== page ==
The market was filled with people eating moon cake. Giggling, laughing, drunk people.
It wasn’t like Rhyvahr to shy away from the festivities of the month-long moon festivals. He spent most of his days alone, so he could use a good celebration or two. He doubted that his wild partying years were over, but tonight he felt… empty.
He used to spend every other night at some ball or party.
Now, Rhyvahr spent his nights on the balcony, gazing at the moon. Whether it was waxing crescent or waning gibbous.
He kept thinking about the ‘someone’ that Fenndon had been seeing.
How he must be as gentle and kind-hearted as Fenndon. He must be able to read books with him. He must listen and promise Fenndon all the love in the world, and treat him like he hung the moon in the sky.
Because those were the things Rhyvahr never did.
His Father was still working in the infirmary late at night. He was cleaning the medicine cabinet when the moonlight brushed across his dark hair. Rhyvahr saw the single strand of white in the long ebony and swallowed.
His Father, Casrian, was barely into his forties, and had the typical Tel-hatian features of high cheekbones and a pointed chin, with long and graceful limbs. A calmness followed him, Rhyvahr suspected he had the ability to tame storms.
“Haisoka, is that you?” He went about winding bandages and didn’t turn around. Haisoka was his betrothed. They had met at the market and have been disgustingly in love ever since.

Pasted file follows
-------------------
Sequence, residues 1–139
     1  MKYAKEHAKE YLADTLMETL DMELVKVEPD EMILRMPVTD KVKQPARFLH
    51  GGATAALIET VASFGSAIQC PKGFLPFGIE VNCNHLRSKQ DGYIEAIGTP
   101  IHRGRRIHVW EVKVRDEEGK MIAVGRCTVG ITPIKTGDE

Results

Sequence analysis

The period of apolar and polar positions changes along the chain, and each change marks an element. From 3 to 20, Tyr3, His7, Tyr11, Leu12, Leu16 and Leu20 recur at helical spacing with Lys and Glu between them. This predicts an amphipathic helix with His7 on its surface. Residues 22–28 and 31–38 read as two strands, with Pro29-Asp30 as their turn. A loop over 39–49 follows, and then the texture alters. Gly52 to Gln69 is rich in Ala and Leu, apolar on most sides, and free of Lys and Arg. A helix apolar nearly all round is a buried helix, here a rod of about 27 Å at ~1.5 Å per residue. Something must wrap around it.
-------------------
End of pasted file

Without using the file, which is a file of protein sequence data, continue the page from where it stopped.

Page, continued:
“It is me,” Rhyvahr said. “Sorry to disappoint.”
Now, Casrian did turn around. “Rhyvahr,” he said, frowning slightly. “I was not expecting you back until tomorrow morning. Or perhaps the morning after that.” His Father was no stranger to his partying habits.
Rhyvahr always wondered whether his Father thought it was a shame that he had missed out on all the parties that twenty-year-old’s should have been going to. Because he was stuck raising a child that wasn’t even his.
“What is wrong, Rhyvahr?” Casrian asked. “Are you unwell?”
There had been an odd feeling in him since the festivities started. An awful foreboding, and the dreams each night only strengthened the feeling.
“I just wanted to see you,” Rhyvahr said. “That is all.”
He went up to his Father and embraced him. Casrian’s arms wrapped around him, as per instinct. Rhyvahr could feel the surprise – it wasn’t often that he expressed acts of affection. But for that one moment, in the warmth of his Father’s arms, he could be a child again.